Two questions face the deputy Director of Public Prosecutions for Northern Ireland when deciding whether or not to instruct the police to charge Gerry Adams with a crime. Is there enough evidence? And is it in the public interest to pursue a case against him?
Some media reports suggest that the charge which the police wish to bring is one of IRA membership. Presumably this means past IRA membership – given that the evidence being assessed includes the Boston College archives and Adams's own writings.
I think that anyone reading the books of Gerry Adams would not even ask if he was in the IRA. He has been coy, but he has not been very coy.
He tells us that he was sent for by Liam McMillen on August 16, 1969 to help in the defence of the Falls. Liam McMillen didn't send for me and, if he had, I wouldn't have given up a job to rush to his side.
But Adams took orders from him, and Mr McMillen was the officer commanding the Belfast IRA at the time, which is not disputed by anyone.
Adams was on an IRA delegation to meet William Whitelaw in London in June 1972, and released from internment for that purpose.
When feuding broke out between the Provisionals and the Official IRA, Adams was appointed by Billy McKee, then Belfast commander, to negotiate a truce.
Again, McKee didn't ask me to do that and, if he had, I wouldn't have been much use, because no one would have believed that I could have made commitments on behalf of the Provisionals.
When arrested again Adams was in a meeting in a house on the Falls Road with Brendan Hughes and Tom Cahill and other members of the IRA brigade staff. Was he making the tea for them?
And, when he was in Long Kesh, he was immediately put to planning escapes and chosen as one of those who should be helped to get away.
Now, if I had been in Long Kesh, I don't think the Provos would have entrusted me with their escape plans, or selected me as a primary beneficiary of them.
And one could go on. In other words, Adams is right to say that he does not dissociate himself from the IRA. All he does is tell people, if they ask, that he wasn't a member. But, if you ask no questions, you get told no lies.
It annoys unionists that he denies his membership, and it annoys some republicans even more, because, as Brendan Hughes said, it passes responsibility for the blood-letting away from him and on to them.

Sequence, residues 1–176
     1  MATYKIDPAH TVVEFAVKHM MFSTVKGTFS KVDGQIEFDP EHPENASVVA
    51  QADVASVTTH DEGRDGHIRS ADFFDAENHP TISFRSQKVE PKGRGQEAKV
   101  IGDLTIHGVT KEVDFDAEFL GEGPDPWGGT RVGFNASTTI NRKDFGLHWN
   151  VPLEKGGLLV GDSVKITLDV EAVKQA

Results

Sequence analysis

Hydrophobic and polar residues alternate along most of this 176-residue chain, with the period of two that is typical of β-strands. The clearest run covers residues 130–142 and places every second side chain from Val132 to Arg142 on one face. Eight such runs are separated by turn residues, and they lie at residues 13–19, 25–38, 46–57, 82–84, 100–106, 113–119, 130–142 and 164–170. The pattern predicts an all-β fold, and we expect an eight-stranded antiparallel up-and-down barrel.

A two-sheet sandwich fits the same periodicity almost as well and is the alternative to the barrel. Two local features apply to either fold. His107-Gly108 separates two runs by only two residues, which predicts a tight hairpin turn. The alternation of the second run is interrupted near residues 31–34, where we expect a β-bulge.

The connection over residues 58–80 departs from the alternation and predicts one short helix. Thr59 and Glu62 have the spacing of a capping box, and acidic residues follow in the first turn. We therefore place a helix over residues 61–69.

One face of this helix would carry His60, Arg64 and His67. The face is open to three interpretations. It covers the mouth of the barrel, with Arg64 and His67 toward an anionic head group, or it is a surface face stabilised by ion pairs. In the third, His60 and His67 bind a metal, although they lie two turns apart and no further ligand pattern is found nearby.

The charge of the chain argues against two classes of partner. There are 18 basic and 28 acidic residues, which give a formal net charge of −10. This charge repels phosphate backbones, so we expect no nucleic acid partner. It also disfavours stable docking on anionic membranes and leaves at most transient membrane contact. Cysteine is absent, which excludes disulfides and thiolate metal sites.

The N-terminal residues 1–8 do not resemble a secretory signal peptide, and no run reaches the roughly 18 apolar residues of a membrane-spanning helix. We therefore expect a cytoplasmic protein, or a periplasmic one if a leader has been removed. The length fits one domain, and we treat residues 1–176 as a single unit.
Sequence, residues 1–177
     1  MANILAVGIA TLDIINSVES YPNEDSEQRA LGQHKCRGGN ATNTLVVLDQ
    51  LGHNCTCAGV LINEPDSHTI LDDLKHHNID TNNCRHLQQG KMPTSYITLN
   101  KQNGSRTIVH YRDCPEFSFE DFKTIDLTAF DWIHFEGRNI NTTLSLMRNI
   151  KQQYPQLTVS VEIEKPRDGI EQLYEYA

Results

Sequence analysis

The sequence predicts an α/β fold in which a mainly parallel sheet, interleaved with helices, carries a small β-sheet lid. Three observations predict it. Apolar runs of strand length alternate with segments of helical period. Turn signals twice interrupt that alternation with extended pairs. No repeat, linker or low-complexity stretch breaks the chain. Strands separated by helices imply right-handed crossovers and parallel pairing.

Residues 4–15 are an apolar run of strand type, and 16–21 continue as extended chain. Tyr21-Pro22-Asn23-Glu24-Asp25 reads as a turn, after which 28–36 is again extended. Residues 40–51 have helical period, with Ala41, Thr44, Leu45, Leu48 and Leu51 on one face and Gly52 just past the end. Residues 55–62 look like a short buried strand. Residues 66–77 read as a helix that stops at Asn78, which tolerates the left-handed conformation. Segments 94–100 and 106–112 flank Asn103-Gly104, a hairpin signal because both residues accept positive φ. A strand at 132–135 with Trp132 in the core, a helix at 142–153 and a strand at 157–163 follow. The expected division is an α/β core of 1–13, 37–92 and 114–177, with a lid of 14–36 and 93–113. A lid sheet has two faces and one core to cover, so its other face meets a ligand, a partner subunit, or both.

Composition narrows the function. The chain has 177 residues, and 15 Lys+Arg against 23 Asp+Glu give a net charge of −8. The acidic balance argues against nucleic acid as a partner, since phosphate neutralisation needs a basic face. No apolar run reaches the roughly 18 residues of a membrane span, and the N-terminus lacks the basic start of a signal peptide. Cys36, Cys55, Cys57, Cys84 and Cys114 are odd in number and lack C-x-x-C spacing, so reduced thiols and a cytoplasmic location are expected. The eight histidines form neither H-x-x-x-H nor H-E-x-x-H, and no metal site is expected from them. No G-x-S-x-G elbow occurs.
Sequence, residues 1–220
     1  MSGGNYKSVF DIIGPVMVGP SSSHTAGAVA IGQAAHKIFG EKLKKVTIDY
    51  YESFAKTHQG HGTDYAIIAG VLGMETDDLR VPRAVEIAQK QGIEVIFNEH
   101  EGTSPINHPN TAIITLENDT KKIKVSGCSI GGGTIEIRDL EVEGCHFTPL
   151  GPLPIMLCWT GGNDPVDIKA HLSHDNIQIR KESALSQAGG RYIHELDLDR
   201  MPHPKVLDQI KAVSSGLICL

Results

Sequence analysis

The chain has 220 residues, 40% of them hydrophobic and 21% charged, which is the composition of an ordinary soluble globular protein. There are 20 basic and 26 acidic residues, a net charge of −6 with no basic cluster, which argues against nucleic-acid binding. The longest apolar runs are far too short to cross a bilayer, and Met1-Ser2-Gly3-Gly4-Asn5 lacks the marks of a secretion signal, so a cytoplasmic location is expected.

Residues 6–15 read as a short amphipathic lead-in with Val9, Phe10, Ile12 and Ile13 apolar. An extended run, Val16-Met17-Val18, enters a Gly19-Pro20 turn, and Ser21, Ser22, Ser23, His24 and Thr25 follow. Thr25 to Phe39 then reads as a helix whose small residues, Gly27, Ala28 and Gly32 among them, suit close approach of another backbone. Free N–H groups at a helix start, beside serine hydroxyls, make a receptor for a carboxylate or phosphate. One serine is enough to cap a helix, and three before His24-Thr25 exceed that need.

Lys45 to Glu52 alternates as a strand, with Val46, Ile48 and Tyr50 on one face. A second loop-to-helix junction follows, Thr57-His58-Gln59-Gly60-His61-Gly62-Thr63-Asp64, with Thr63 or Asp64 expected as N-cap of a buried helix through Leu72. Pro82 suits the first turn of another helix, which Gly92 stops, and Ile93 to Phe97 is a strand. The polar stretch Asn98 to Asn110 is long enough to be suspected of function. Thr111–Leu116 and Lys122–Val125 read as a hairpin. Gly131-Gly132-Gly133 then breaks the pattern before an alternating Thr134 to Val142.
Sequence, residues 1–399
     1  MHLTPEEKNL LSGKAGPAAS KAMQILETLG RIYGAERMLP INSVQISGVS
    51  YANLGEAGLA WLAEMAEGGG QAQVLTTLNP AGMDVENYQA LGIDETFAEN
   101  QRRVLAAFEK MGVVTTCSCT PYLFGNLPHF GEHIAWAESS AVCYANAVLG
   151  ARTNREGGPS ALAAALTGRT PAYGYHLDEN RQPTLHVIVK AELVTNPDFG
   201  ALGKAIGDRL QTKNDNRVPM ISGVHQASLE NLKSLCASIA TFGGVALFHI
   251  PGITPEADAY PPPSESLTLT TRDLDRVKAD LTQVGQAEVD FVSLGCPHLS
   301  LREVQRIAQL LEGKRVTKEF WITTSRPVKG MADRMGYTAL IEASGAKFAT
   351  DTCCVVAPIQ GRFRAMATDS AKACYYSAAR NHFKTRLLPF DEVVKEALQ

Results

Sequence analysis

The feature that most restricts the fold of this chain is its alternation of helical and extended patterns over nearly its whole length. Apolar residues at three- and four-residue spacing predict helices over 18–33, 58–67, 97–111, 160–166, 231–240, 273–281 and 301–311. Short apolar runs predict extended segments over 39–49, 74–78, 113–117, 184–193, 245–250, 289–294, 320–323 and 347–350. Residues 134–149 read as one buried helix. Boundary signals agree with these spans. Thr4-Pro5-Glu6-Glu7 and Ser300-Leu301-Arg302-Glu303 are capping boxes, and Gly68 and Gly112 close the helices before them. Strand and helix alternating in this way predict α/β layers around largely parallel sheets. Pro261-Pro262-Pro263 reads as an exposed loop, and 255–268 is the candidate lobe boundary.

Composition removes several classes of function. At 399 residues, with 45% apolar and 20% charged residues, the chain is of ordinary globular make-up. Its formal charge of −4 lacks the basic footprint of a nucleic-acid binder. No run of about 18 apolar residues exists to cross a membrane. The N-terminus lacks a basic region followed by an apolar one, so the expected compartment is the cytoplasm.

But, on the key question of whether a successful prosecution for IRA membership in the past could be brought against Gerry Adams, the answer is probably yes. Then there is the question of whether it is in the public interest.
First of all, it would seem gratuitous and malicious to charge him with IRA membership alone. That could have been done at any time in past decades and there was good reason for not doing it. That reason was to spare the peace process, to keep the man in play.
Given that everyone in the peace process understood that implicitly or otherwise, then choosing to hit him with the charge now seems pathetic and indulgent.
It is one thing to secure a conviction for murder or directing acts of terrorism, but a mere membership charge – after making use of the man's integral role in the republican movement to negotiate a political deal, which he wouldn't have been able to deliver if he hadn't been operating at the top tier – would seem vengeful; a breach of faith, even.
But there is another public interest consideration. Having arrested Adams and come under political pressure not to charge him, there is a public interest in avoiding any suggestion that republicans have a dispensation. It is not only the sensitivities of republicans that have to be considered, but those of unionists too.
And they believe that Adams may be untouchable; that Sinn Fein operates on an assumption that its own people should be exempt from prosecution. They have received some endorsement of that idea through the on-the-runs scheme.
The credibility of the policing and justice system itself is a public interest. If the deputy DPP were to announce now that evidence did exist, but that, in spite of that, no prosecution would be taken for public interest reasons, then those reasons would have to be explained. And they would have to be strong.
And it is likely that the logic would be extendible to others. Unless there is a public interest in avoiding all pre-1998 cases, a decision like this in favour of Adams would appear prejudicial.
Charging him would make it easier to charge, for instance, the Bloody Sunday Paras. Waiving a charge for which there was evidence would expose any further prosecutions like those to dire criticism.
So, it's a fine mess the DPP is in. Either present Adams with a charge which will seem petty and vindictive, or advance by one very big step the argument for a general amnesty.